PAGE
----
Although 62 is the most common retirement age, it is not unusual to consider working past 65 on Medicare. However, you may be wondering if working past 65 affects Medicare. The short answer is yes. You can even have the option to delay all parts of Medicare entirely in some cases. However, you need to meet specific requirements.
How does Medicare work with employer coverage? The rules surrounding how Medicare affects employer coverage depend on a few things. However, the most significant factor in determining your Medicare options when working past 65 is the number of employees your company has. The following information also applies to spouse coverage.
If you are actively working for a larger employer with 20 or more employees and are enrolled in their group health insurance, you can opt out of all parts of Medicare past 65.
If you sign up for Medicare while still on your employer’s health plan, your employer coverage would be primary, and Medicare would be secondary. What does this mean? This means the coverage from your work would pay first for health services, and Medicare will pay second.
You can still choose to drop your employer coverage altogether and enroll fully into Medicare. Ultimately, the decision is up to you and what you believe will be the most cost-effective.
A Word About Part A
You may consider enrolling in Medicare Part A anyway because Part A is $0 for most people. You qualify for premium-free Part A if you have worked in the United States for ten years or more and paid income taxes. However, keep in mind, Health Savings Accounts do affect Part A. You will not want to enroll in Part A is if you plan to contribute to a Health Savings Account (HSA). You would be subject to tax penalties if you did because Medicare does not coordinate with HSAs.
A Word About Part B
However, you should note everyone has to pay for Medicare Part B. What does Medicare Part B cost? You will likely pay the regular Part B premium when you enroll in Part B, which is $170.10 in 2022. However, your income level may affect the amount you pay for the Part B premium. Each year Social Security (SS) looks at your modified adjusted household gross income (MAGI) and IRS tax return from two years ago. If you earn over a certain amount, you will pay more for Part B.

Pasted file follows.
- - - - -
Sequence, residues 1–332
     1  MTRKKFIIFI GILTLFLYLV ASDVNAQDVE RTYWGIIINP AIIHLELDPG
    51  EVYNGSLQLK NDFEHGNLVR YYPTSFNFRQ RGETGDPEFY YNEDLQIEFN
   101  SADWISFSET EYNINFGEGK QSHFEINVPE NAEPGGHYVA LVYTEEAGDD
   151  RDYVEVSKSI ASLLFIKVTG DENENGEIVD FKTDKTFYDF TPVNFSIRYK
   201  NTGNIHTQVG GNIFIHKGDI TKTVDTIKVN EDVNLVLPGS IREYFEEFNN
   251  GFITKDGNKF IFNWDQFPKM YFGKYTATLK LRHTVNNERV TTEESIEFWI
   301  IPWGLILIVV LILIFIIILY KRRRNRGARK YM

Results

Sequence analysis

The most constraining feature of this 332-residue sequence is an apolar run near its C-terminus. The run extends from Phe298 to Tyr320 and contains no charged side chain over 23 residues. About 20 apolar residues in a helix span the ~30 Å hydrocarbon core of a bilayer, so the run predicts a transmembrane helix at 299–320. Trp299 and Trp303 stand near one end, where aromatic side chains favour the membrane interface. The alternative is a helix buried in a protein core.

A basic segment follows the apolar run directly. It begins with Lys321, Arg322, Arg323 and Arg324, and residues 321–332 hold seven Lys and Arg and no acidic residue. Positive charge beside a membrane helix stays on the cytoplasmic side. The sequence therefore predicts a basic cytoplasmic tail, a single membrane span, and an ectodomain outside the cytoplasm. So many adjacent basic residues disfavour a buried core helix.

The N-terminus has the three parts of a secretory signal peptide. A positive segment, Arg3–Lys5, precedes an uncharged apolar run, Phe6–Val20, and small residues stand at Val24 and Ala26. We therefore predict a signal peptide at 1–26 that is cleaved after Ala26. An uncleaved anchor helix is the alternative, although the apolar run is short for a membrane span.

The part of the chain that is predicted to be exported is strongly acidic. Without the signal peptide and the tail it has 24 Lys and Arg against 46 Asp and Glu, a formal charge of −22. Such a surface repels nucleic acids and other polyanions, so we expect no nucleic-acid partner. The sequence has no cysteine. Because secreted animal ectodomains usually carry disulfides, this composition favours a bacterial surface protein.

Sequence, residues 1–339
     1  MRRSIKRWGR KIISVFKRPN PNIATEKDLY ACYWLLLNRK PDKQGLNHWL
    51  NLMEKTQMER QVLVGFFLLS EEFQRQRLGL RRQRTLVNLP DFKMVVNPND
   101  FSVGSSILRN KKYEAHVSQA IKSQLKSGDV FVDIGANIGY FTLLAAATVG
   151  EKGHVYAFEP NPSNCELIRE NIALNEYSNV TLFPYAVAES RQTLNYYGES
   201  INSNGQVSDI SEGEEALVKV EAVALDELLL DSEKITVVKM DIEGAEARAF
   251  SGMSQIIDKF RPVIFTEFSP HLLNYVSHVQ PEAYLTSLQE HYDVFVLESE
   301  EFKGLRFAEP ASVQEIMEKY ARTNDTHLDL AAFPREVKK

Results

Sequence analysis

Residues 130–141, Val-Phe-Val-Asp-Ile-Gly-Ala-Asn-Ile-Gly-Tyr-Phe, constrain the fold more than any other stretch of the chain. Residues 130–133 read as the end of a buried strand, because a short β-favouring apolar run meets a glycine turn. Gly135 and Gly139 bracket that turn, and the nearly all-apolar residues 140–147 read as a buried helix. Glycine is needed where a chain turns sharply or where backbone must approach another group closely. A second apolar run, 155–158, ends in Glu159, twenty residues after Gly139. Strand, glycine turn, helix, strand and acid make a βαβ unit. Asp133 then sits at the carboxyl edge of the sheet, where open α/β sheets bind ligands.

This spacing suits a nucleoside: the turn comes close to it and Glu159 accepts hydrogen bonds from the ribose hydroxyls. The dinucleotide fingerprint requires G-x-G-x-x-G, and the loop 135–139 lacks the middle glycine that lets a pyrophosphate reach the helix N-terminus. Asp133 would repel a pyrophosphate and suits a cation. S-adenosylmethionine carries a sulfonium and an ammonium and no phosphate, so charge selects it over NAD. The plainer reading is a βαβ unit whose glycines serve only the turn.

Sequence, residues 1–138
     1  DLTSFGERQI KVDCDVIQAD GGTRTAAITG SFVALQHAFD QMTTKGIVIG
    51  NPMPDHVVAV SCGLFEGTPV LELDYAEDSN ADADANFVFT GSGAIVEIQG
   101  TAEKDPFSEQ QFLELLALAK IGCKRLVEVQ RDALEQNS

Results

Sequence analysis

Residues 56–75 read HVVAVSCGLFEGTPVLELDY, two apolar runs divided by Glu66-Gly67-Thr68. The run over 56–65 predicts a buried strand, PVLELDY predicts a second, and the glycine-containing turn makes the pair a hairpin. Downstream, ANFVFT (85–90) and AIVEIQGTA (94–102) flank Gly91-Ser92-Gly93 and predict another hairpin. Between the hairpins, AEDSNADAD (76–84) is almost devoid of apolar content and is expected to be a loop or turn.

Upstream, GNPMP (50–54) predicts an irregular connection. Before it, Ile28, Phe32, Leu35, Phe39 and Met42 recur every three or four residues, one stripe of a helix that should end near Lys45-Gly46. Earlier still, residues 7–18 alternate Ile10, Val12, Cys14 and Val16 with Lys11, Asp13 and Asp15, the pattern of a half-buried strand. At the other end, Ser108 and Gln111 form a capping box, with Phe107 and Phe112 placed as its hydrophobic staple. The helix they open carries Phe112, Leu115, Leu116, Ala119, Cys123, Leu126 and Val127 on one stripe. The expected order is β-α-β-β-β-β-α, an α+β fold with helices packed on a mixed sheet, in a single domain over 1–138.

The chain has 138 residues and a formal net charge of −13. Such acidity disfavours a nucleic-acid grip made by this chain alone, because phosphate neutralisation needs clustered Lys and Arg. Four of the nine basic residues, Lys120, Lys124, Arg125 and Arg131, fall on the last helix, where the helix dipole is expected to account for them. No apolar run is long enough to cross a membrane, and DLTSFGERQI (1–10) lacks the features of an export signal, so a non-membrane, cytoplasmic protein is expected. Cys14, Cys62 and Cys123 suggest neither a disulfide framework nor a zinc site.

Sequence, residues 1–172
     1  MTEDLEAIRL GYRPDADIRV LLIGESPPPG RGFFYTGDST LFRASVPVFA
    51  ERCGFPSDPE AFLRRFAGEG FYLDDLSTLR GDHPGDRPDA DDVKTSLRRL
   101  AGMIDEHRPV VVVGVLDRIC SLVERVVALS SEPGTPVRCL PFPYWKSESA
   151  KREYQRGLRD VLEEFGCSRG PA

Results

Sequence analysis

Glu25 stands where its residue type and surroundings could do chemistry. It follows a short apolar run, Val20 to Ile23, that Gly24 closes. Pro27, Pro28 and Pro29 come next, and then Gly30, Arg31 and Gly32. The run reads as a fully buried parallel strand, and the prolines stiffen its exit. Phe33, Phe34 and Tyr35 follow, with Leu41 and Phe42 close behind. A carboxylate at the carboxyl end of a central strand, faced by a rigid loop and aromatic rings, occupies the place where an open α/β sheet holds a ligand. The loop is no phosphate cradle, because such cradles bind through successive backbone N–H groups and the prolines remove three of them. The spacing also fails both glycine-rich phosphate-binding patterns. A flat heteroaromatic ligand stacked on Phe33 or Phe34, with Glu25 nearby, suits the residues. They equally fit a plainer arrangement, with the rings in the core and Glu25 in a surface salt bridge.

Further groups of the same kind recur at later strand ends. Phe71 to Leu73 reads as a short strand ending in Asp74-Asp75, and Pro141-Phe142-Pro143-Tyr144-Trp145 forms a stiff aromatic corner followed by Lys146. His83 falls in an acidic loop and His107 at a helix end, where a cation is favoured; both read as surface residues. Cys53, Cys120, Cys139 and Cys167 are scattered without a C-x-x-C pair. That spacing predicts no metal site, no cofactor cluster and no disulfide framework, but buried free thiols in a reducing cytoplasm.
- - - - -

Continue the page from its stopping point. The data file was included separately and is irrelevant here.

For example, SS refers to your 2020 tax return to decide how much your Part B premium is for 2022. If you filed as an individual in 2020 and made $91,000 or less, you will pay the regular premium. If you filed jointly and earned $182,000 or less, you will also pay the standard amount. If, for instance, you filed individually and made $500,000 or more, you pay $578.30 for your Part B premium.
Those affected by the Part B surcharge have a way to appeal the higher premium potentially. There is a form online at the SS website you can fill out and submit to lower the premium. Although, there is no guarantee that SS will reduce it.
How does Medicare affect small employer health coverage? If you work for a company with less than 20 workers, you cannot delay Medicare without penalty. You will need to enroll in Medicare when you are first eligible at 65
You will likely be first eligible during your Initial Enrollment Period (IEP). The IEP is a set period for you to enroll in Original Medicare (Part A and Part B.) Your IEP lasts for seven months, begins three months before your 65th birthday month, and ends three months after your 65th birthday month.
You can choose to keep your employer’s health insurance as secondary insurance.
However, you also can drop your employer coverage altogether and enroll in either a Medicare Supplement plan (Medigap plan) and a Part D plan or a Medicare Advantage plan. It will depend on what you think is best for your budget. If you choose to drop your employer coverage, you will need to use your IEP to enroll in these plans.
If you miss your IEP, you will likely have to wait until the General Enrollment Period (GEP) to enroll in Medicare and be subject to late enrollment penalty fees. The effect of these late fees can add an extra burden to your funds and expenses. The GEP runs from January 1 to March 31 each year. During this period, you can enroll in Part A and Part B. However, your coverage will not start until July 1. As a result, you may go without health coverage for a while. So, make sure to enroll during your IEP when you are first eligible for Medicare.
How do COBRA benefits coordinate with Medicare’s coverage? It doesn’t. It’s important to know that COBRA coverage is not considered creditable coverage for Medicare. If you have COBRA coverage, you still need to enroll in Medicare Part A and Part B when you first become eligible during your IEP.
The bottom line is it is possible to work past 65 on Medicare. How work affects your benefits depends on different factors. The size of your employer does affect Medicare and how it coordinates with your employer coverage.